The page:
RE: Questions about the Technical Writing field

Subject: RE: Questions about the Technical Writing field
From: bryan -dot- westbrook -at- amd -dot- com
To: "TECHWR-L" <techwr-l -at- lists -dot- raycomm -dot- com>
Date: Thu, 12 Sep 2002 08:34:06 -0500

-----Original Message-----
From: jumays [mailto:jumays -at- vt -dot- edu]
Sent: Wednesday, September 11, 2002 12:45 PM
Subject: Questions about the Technical Writing field

1. How/why did you become a professional writer?

It beats cleaning a chicken processing plant on the graveyard shift, and the pay's better too. I actually went back to school and got a B.A. in this stuff. College really helped me get started in this field because one of my classmates there (hey, Paula) gave me the lead on my first job.

2. What is your job title? job description?

Technical Writer. Software documentation for an internal audience consisting mainly of the fab techs and engineers of couple of semiconductor wafer fabs. I also maintain a few sites on the intranet and work on WBT courses when the opportunity arises.

3. What percentage of your time is spent writing, editing, or presenting?

About 70%. The rest is spent

4. What types of writing, editing, and presenting do you do?

Whatever I'm asked to do.

5. Who are your audiences and what are their needs?

See above on the audience. There needs are to be able to use these applications.

6. What things do your audiences expect from your documents or

How to use them. What to do when they break.

7. What is your biggest writing-related challenge on the job?

Pinning the SMEs down long enough to get answers to my questions.

8. What about deadlines? How do they influence the way your write on the

I actually don't have very many of those in this job (that's one of the reasons I like it so much). When I'm documenting a new system, I try to have the manual ready when they launch it. Usually it works out pretty good because I write faster than the SMEs code.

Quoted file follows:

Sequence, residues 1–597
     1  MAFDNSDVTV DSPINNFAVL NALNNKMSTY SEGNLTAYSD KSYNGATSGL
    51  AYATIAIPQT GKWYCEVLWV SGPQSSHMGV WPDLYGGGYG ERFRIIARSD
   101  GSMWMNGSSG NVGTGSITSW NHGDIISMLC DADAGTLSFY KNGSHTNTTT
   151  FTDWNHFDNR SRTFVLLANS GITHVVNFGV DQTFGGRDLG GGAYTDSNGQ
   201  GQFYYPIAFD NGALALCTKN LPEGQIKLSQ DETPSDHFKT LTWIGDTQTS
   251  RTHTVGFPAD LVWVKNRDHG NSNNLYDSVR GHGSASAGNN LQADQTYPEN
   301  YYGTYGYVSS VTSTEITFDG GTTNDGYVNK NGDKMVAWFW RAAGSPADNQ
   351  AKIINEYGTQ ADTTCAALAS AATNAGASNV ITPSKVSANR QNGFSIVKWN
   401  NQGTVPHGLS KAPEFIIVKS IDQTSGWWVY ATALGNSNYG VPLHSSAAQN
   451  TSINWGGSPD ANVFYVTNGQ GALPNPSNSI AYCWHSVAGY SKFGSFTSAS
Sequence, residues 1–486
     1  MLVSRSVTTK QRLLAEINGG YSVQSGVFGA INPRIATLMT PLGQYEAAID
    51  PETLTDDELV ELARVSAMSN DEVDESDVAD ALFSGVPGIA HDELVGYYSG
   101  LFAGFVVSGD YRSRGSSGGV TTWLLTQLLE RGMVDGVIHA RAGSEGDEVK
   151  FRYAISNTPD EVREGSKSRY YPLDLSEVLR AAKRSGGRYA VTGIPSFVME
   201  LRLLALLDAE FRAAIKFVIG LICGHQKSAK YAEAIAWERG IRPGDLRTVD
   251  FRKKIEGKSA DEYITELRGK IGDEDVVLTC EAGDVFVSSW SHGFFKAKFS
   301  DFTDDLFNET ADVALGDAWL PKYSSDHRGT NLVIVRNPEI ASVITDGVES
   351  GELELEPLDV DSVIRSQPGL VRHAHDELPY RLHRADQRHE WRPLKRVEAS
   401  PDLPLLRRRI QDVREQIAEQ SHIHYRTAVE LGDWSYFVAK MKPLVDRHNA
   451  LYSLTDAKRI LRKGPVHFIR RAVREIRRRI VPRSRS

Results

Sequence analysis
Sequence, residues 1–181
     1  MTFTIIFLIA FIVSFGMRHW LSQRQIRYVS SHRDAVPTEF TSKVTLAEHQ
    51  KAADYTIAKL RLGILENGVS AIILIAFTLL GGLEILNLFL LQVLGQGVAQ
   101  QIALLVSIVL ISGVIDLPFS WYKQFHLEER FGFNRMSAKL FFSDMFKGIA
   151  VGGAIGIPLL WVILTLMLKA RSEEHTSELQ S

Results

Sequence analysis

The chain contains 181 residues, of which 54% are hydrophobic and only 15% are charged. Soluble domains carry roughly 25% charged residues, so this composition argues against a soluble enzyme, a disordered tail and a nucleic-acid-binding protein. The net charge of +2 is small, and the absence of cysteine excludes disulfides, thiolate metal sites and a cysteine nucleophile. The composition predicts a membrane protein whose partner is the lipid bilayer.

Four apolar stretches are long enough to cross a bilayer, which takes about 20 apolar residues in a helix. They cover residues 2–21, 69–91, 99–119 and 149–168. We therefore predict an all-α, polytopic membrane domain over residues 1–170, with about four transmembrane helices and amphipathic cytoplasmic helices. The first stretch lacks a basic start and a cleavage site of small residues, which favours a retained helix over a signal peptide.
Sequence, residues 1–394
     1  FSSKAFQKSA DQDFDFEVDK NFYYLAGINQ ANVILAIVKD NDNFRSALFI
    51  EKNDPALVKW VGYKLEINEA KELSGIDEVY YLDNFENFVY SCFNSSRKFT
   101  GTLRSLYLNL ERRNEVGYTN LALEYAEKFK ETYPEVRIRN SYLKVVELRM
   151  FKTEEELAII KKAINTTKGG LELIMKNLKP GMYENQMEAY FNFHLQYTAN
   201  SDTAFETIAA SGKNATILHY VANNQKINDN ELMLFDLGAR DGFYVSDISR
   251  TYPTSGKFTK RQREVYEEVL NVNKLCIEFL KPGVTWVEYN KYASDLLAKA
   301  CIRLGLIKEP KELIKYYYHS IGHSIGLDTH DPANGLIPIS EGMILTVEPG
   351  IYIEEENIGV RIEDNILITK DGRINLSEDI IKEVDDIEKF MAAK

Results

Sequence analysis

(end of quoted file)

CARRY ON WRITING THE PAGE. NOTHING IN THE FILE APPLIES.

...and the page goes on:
9. What standard and predictable processes (writing techniques,
organizational templates, heuristics for brainstorming, etc.), if any, do you
employ in profession-related writing?

Figure out what it does and how to get it to do that and then start typing. BTW, you probably won't want to use academic words like "heuristic" in the workplace (especially in a field where using simpler language is one of the key virtues).

10. What are the frustrations/rewards of your work?

Projects that get cancelled after I've already been working on them.

11. What advice do you have for students?

Learn how to learn how to use stuff. Seriously. The typical college assignment is to write instructions for something you're familiar with. In the real world that will happen about 0% of the time. You've got to be able to learn the subject matter well enough to explain it to somebody else. Otherwise, you'll just be a glorified typist and layout designer.

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